When it comes to jewellery, most of us are torn between how they look and what they cost making it extremely difficult to make a decision. It is because of this that it is always better to have some general idea of why you are going to the jewellers and how much you will be able to afford before you walk into the jewellers.
First and foremost it is essential that you understand and sink in the fact that everyone has a limitation in terms of budget, thus before even going to the jewellers it is good to determine your budget’s high and low. Once you have determined the maximum and minimum that you are willing to spend on a jewellery item, you should essentially do some homework on specifics relating to brands, designers and market prices of not only precious metals but also precious stones if at all you are planning to get a jewellery item that has stones on them. Before moving on to the nitty-gritty details of buying jewellery the most important thing that you should be aware of is that when you buy jewellery it should never be considered as an investment for a number of reasons.
Firstly when you buy jewellery made up of precious metals (without precious stones) you are not only paying for the gold, silver, platinum or palladium content, but you are also paying for the jewellery design, the cost of business operations and other miscellaneous costs that the jeweller incurs to run his business. These costs are never included in the resale value as gold buyers only pay for the gold or other precious metal content in the jewellery as more often than not the jewellery piece will be sent to a refinery where it will be smelted.
Designer jewellery often involves the use of gold, platinum or both. One reason why platinum is often the preferred precious metal by high end jewellers is due to its ability to compliment diamonds and other precious stones. Gold on the other hand is often used for pure metal designs that at times include a blend of platinum, palladium or silver if precious stones have been incorporated into the design.
The ring depicted on the left is a 3 hue 18K yellow gold, 14K rose gold and 18K platinum ring that has been crowned by a Cartier diamond. The retail price for the ring is 12,000 dollars with the diamond making up 60 % of the cost, while 25 % of the cost is attributed to the precious metal content and the remainder 15 % is accounted for design and overheads.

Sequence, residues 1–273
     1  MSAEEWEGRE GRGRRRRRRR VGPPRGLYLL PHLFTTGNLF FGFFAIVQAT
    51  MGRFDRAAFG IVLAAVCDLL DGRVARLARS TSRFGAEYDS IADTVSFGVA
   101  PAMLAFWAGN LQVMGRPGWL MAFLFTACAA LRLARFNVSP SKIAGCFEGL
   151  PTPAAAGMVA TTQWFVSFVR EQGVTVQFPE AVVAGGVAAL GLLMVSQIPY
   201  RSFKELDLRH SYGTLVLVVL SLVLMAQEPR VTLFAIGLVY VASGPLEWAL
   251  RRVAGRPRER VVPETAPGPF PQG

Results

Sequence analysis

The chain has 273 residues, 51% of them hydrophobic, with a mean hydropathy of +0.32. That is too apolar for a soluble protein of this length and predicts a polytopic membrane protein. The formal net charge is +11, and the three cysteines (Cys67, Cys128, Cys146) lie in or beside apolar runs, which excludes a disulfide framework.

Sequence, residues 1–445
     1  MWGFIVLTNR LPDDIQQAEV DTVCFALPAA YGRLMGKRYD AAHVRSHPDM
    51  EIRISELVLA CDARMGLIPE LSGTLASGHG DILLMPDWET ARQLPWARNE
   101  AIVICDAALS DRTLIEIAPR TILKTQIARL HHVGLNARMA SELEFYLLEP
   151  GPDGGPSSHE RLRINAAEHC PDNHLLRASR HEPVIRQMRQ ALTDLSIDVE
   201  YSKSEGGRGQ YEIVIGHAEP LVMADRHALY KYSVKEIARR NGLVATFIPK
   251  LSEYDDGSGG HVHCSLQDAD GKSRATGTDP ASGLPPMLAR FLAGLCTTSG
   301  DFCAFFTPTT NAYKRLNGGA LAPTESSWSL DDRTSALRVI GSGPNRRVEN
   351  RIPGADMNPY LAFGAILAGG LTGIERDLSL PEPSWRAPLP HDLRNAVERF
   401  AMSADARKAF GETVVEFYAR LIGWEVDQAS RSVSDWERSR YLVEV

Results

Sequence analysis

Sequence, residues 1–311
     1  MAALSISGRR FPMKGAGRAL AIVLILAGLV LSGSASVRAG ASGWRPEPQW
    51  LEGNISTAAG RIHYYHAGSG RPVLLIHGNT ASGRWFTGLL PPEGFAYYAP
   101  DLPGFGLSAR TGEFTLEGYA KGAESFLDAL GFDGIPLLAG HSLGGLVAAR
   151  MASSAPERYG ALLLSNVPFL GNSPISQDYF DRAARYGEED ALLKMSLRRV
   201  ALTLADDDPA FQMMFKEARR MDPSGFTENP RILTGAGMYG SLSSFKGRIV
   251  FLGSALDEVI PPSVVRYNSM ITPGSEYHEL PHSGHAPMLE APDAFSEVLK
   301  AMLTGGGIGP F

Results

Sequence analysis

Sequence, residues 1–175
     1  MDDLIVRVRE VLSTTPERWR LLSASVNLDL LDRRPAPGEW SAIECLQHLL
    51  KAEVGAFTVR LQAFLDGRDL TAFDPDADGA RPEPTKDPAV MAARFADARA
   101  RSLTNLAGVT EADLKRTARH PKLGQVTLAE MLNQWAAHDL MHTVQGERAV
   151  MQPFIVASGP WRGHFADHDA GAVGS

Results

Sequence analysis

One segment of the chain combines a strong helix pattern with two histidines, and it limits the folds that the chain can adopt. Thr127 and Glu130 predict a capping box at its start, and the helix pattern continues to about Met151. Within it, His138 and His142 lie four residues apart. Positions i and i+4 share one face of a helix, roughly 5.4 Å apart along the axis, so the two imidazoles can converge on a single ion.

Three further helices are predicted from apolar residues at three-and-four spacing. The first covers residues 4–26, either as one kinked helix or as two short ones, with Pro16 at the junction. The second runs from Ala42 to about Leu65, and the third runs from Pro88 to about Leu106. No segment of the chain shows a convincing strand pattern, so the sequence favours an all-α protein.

Similarly the ring depicted on the right costs a mere 3000 dollars with the same precious metal makeup but without the precious stone. Although it costs much less and does not have a precious stone embedded in it, the ring on the left won the ‘best wedding band design award for 2013. Buying designer jewellery should not be driven by ‘trend’ based factors; instead it should be based on personal preferences that ought to be within the individual’s affordability range.
Buying an expensive piece of designer jewellery ring only because others have it can be the most foolish thing that an individual could do in their lifetime, only because the piece of jewellery will remain a constant reminder of paying for something that you sincerely do not find attractive. If you do plan to buy jewellery for someone else besides yourself, it would be best to buy plain jewellery that contains more precious metal content rather than intricately designed jewellery riddled with stones.
Surprisingly many people who mention the word karat when talking about jewellery made from precious metals have very vague ideas of what they actually represent besides knowing for a fact that the higher the karat the more expensive the piece of jewellery is. The simplest way to explain the karat measurement is to know that the highest karat is 24 Karats.
This basically means that an item consists of 24 parts out of 24 parts of the same substance and thus when an item is referred to as 22 karat gold, it simply means that 22 parts out of 24 parts of that item is gold with the other 2 karats consisting of some other substance. In terms of calculating the percentage of an item that is 22 karats, one simply divides it by 24 and multiplies it by 100 i.e. 22/24 x 100 = 91.6%, thus a 22 karat gold ring that weighs 10 grams for instance would contain 91.6 % gold with the remainder 8.4 % consisting of some other material, therefore a 22 karat gold ring that weighs 10 grams would only contain 9.166 grams of gold i.e. 22/24 x 10 grams. To make it even simpler the table below converts karats into percentages.
24 Karats 100 % gold
22 Karats 91.666 % gold
20 Karats 83.333 % gold
18 Karats 75 % gold
16 Karats 66.666 % gold
14 Karats 58.333 % gold
12 Karats 50 % gold
10 Karats 41.666 % gold
The lowest content of gold for jewellery to be considered precious metal based jewellery is 10 karats. Second hand jewellery buyers often have a table with the prices that they offer for each karat class.